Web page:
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Webber Says Give Schumacher Until Monaco

Michael Schumacher and Mark Webber in 2006

There seem to be two camps of opinion regarding Michael Schumacher’s comeback.  On the one hand, you have the F1 media, and F1 personalities such as former driver Stirling Moss, and former team mates, Rubens Barrichello and Eddie Irvine, who have suggested that Schumacher might be simply over the hill.  Moss, in fact, has taken that assertion on step further, by implying that Schumacher was never that good to begin with.

On the other side of the fence, there are those who insist that Schumacher simply needs more time – time to adjust to the new technology, and time to adjust to the demands of racing full time after a three year lay off.  This camp includes the likes of Bernie Ecclestone, two-time champ Mika Hakkinen, David Coultard and Adrian Sutil.  All of the above have offered their own analyses regarding Schumacher’s struggle to find his old form.

Hakkinen has pointed out that a man of 41 (Schumacher’s current age) might find it difficult to recapture the same level of motivation that he felt 15 years ago.  Word in the paddock is that Schumacher is more relaxed than he used to be, but perhaps this loss of intensity is something that doesn’t benefit his driving.

Rather than making speculations about Schumacher’s psyche, David Coultard and Adrian Sutil have raised technical issues.  Sutil has insisted that the tires have changed drastically since Schumi’s last active year, in 2006, and that it would be a challenge for Schumacher to learn to use them correctly, no matter how good he is.  And Coultard has pointed out that Schumacher’s W01 was designed to suit last year’s title-winner, Jenson Button, whose driving style is much different than Schumi’s.

While critics will point out that Schumacher’s team mate Nico Rosberg seems to have adapted to the W01 quite well, one might conclude that Rosberg, like Button, finds an understeering car more suitable to his natural style.

Whatever the reasons, Schumacher hasn’t quite measured up to public expectations surrounding his return to the pinnacle of motorsport.  Those who have judged Schumacher most harshly have done so on the premise that Schumacher should have been in top form from day one.  But Schumacher himself has cautioned against this, insisting that he’d be finding his limits again, as always, in a measured and methodical way.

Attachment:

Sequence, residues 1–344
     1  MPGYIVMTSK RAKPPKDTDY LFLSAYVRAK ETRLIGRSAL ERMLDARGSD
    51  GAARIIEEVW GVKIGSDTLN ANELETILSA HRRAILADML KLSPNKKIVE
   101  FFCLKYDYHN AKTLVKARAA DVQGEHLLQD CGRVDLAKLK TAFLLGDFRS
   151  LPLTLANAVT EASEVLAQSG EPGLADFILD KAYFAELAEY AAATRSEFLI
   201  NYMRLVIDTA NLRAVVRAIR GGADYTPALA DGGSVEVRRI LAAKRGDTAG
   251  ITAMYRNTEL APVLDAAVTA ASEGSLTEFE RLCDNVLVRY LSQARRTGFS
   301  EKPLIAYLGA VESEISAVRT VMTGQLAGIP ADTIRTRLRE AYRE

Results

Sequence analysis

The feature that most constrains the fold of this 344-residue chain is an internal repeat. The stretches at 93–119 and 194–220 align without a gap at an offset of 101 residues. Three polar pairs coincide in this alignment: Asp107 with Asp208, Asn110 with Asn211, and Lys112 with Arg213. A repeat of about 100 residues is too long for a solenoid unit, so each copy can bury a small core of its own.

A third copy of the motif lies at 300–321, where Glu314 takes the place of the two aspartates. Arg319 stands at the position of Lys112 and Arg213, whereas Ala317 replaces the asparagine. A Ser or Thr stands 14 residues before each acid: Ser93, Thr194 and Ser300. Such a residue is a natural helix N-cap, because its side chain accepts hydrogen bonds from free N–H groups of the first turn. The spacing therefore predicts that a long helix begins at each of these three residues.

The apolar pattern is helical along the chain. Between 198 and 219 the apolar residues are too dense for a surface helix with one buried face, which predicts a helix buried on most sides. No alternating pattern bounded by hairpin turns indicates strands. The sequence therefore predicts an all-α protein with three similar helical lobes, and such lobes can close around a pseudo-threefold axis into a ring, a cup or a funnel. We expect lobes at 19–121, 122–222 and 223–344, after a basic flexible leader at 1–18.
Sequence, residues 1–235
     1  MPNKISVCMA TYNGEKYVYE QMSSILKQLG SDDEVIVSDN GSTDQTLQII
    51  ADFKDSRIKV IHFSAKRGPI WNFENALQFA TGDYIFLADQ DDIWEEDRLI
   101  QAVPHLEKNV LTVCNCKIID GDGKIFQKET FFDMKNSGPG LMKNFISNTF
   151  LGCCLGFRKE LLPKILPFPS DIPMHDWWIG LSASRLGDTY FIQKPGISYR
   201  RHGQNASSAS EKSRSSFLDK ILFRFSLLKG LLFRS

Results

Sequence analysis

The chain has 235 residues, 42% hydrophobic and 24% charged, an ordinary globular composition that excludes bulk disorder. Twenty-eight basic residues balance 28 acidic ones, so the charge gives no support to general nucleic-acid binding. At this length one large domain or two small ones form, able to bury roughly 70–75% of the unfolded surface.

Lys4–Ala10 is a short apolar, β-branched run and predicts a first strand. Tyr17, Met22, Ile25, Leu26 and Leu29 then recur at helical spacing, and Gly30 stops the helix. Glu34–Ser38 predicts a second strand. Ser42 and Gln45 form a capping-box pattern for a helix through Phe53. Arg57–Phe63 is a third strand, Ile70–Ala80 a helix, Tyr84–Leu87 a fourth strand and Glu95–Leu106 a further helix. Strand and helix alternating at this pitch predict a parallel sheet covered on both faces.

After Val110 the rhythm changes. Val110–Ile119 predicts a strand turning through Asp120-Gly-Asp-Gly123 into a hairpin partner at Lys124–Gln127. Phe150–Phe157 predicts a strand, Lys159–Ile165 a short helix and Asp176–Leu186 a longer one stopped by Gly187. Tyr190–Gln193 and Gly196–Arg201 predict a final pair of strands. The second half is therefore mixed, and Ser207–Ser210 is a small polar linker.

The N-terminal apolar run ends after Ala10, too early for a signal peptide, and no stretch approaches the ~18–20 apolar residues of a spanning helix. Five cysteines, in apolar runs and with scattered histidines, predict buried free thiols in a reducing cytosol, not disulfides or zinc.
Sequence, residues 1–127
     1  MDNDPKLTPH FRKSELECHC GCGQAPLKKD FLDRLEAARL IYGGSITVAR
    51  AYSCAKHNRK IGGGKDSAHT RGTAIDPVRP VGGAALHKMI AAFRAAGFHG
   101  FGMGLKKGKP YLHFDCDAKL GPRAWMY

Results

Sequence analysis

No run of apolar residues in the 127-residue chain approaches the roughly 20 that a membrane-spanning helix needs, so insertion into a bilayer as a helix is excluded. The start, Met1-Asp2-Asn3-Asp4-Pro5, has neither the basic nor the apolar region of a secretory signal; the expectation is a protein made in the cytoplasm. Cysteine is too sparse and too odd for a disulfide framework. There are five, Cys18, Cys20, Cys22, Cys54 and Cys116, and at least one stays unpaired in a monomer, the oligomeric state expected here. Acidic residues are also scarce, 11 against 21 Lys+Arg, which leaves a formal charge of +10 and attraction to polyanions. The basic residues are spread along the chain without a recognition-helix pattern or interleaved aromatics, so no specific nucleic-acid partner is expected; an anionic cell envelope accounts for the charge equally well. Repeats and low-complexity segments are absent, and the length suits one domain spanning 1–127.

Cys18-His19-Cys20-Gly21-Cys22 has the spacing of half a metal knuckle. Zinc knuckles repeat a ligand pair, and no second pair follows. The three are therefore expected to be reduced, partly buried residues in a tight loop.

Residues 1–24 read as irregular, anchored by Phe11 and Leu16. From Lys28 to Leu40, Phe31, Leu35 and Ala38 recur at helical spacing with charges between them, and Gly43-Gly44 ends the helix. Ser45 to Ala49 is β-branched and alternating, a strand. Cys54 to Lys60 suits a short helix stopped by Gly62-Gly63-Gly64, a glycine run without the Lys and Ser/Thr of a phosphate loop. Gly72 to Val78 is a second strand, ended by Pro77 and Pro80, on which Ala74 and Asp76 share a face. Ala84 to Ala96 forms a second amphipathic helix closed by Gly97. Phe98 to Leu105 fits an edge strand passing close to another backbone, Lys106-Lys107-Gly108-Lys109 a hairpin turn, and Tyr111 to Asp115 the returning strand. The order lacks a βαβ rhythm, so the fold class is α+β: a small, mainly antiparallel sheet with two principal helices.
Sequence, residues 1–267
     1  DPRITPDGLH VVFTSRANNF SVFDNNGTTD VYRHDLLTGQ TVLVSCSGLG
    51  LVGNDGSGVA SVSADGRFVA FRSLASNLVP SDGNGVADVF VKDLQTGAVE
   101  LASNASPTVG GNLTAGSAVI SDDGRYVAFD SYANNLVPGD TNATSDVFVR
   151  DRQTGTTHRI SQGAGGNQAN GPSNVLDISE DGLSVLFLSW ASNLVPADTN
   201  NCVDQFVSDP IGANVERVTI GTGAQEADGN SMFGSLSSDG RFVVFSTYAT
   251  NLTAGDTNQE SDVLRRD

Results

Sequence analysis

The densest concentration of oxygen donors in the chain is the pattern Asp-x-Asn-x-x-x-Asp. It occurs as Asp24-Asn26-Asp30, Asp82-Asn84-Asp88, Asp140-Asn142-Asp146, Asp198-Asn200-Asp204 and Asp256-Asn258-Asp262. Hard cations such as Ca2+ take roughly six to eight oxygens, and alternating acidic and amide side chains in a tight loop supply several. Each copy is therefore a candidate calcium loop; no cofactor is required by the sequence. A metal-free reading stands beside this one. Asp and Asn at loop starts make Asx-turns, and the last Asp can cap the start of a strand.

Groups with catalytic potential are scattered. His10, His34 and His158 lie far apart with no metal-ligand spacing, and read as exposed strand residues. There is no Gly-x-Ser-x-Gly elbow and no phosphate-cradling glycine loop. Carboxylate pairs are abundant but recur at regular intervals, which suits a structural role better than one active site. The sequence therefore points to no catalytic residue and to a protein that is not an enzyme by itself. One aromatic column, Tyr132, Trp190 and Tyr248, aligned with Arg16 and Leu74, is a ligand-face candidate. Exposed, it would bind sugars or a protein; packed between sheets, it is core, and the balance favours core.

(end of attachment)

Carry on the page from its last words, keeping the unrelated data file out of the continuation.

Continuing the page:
Red Bull pilot Mark Webber concurs that Schumacher’s critics shouldn’t rush to judgment.   Speaking recently to the BBC, Webber said, “I think after Monaco we’ll know how his form really is. Shanghai was a pretty tough track for him. He’ll feel a bit more at home at Barcelona and also at Monaco, which is a track where he always did exceptionally well. So we’ll see after that how he’s going.”

Of course, Monaco is known for being a great equalizer, a driver’s track where mere horsepower or aerodynamics aren’t enough to give a driver an edge over his rivals.  Surely this would be a test of whether Schumi is back on his game, or if he’s slowed down marginally.

That said, Webber was still willing to make allowances for Schumacher’s difficulty in adapting himself to his Mercedes W01, which suffers from chronic understeer, a characteristic the German has never excelled with.  “Monaco is a place you just plug Michael in and off he goes,” Webber said.  “If he’s not going to be doing that this year, you can say he might be having problems coming to grips with the car. These cars change every two or three weeks let alone every four years, so he’s coming back to such a totally different environment. The cars are totally different, the tyres, the aerodynamics.”

Furthermore, Webber graciously gave Schumacher full marks for making the effort, regardless of the results.  “As I always said, you have to take your hat off to him. It was a very brave call to come back and test himself again at the highest level. He’s an incredible competitor and he always has been.”

And Webber insists that Schumacher is a realist about his performance, and what should be expected of him.  “He knew he was going to have to get used to it,” Webber said.  “He’s not that naïve. He knows he’s not going to just jump back in and start blowing people away, he’s going to have to work at it. And that’s what he’s doing right now.”

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